Admissions Question: August 21
August 21, 2016
Q: I am interested in the option of work-study while attending law school - is that available?
A: Work-study is the term used to work while getting some of your funding paid by the government rather than the organization that employs you. You must qualify for work-study based on your financial need. This will be determined by what you submit in your FAFSA (Free Application for Federal Student Aid). Work-study funds at Lewis & Clark Law School are mostly distributed to upper division students who are doing legal work, rather than to first year students who are not usually qualified for those jobs yet. If you’d like more detail about what would qualify you for work-study, you should inquire further with the Financial Aid Office at email@example.com.
That said, many people work and go to school. Most people who do this choose to pursue our part-time program, which allows one to work during the day and attend law school at night. It’s a 4 year, rather than 3 year, program, but it does help continue one’s income while in school. The first year one would attend either the day program (FT) or evening program (a lighter course load). After the first year, one can choose to go part-time or full-time in day or evening classes.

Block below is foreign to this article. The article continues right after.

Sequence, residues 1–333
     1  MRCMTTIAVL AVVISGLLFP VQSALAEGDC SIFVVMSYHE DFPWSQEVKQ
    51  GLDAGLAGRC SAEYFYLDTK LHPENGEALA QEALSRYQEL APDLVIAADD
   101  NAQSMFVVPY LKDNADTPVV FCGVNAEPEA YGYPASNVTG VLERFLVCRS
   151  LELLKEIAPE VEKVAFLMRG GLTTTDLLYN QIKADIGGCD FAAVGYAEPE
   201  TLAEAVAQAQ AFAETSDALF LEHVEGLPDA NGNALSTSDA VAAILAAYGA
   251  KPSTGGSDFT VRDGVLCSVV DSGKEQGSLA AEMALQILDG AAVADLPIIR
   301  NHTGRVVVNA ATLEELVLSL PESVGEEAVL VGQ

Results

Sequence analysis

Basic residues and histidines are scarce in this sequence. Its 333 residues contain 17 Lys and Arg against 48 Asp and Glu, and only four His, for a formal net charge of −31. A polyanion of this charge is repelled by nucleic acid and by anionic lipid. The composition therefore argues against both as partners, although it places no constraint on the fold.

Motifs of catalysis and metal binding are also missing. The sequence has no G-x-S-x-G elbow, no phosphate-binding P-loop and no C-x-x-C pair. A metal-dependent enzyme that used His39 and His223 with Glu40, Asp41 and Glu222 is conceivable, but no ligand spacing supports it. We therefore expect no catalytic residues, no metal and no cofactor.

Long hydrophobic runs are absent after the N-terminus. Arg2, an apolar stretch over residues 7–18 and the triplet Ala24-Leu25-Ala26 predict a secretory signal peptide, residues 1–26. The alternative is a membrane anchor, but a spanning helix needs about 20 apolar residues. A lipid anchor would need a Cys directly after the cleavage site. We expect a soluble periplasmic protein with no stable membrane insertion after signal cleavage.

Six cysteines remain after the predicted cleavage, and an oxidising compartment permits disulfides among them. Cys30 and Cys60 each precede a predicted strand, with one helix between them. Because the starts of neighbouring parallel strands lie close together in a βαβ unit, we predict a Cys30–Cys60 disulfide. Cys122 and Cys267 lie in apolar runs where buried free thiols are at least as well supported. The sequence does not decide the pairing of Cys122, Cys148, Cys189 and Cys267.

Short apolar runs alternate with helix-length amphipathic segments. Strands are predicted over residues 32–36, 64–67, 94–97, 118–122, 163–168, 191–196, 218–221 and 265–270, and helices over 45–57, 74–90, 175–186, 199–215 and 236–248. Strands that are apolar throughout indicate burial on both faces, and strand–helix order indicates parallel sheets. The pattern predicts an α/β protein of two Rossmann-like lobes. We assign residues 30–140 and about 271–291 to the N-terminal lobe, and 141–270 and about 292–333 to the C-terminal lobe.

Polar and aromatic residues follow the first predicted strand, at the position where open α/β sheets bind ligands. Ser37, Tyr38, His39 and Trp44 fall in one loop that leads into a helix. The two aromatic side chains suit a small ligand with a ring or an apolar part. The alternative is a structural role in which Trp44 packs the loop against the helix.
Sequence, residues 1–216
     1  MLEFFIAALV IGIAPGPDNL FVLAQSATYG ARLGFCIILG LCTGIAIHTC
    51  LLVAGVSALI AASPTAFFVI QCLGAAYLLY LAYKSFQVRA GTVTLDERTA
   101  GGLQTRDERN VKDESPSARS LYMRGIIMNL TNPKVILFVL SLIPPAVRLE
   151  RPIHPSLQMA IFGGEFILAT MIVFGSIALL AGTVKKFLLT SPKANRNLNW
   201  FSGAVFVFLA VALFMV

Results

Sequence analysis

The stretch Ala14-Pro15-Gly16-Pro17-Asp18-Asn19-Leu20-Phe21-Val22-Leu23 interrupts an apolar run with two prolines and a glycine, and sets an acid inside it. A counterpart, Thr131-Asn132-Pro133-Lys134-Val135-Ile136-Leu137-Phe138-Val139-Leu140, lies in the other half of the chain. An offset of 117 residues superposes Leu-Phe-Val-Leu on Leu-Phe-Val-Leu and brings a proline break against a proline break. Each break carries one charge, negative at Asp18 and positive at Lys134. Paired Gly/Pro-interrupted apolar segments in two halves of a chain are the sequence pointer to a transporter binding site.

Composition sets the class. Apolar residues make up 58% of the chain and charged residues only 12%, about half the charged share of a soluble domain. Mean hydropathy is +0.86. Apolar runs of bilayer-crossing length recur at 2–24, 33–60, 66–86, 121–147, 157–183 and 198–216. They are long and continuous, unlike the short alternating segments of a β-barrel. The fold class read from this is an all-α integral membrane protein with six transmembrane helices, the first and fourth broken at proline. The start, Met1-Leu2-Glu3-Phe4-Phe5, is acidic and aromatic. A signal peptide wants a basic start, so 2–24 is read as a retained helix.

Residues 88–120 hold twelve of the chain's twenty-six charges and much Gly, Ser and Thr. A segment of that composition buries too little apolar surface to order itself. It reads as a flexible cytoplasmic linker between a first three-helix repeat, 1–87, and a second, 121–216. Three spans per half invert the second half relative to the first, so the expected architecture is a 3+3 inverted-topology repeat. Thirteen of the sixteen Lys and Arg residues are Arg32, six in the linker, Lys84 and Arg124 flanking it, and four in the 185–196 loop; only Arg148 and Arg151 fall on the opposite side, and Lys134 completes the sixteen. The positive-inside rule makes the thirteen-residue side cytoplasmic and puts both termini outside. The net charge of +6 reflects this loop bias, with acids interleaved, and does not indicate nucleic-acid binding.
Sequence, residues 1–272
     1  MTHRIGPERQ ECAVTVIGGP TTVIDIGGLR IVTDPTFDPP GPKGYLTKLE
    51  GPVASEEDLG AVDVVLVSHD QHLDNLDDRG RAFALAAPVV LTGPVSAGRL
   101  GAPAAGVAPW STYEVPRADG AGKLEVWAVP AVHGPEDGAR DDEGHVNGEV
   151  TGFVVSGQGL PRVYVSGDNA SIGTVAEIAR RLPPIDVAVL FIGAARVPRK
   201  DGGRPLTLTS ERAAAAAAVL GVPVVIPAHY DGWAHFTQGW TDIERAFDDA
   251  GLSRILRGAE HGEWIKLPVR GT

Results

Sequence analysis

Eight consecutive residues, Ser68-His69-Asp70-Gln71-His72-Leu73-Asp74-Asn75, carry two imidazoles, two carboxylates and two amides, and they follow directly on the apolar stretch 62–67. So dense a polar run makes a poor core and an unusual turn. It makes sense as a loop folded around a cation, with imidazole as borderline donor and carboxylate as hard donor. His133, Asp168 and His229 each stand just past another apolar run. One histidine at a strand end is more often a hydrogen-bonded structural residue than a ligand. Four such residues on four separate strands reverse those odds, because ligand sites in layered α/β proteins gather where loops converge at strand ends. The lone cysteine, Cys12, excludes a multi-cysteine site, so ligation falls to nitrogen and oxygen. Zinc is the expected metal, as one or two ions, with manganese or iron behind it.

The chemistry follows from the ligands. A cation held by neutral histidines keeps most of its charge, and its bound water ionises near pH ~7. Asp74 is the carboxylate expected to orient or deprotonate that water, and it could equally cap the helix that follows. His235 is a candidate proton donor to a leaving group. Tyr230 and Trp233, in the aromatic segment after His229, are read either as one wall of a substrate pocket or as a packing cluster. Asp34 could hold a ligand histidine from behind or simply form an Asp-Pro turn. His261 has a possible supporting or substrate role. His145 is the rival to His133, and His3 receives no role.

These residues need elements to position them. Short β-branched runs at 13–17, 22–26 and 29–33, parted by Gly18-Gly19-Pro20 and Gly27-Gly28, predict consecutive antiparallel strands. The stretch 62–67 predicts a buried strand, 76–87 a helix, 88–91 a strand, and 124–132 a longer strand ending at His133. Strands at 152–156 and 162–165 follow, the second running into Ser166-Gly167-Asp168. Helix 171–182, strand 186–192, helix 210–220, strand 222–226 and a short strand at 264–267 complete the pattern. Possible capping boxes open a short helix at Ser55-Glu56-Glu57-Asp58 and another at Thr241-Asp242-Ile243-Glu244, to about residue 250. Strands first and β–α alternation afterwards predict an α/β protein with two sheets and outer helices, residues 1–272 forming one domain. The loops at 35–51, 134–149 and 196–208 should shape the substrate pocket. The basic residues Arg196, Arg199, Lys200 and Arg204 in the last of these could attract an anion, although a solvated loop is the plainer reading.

There is, of course, summer work that one could also pursue while not in classes to help alleviate the cost of attendance. And, if qualified, obtaining a merit-based scholarship can also help.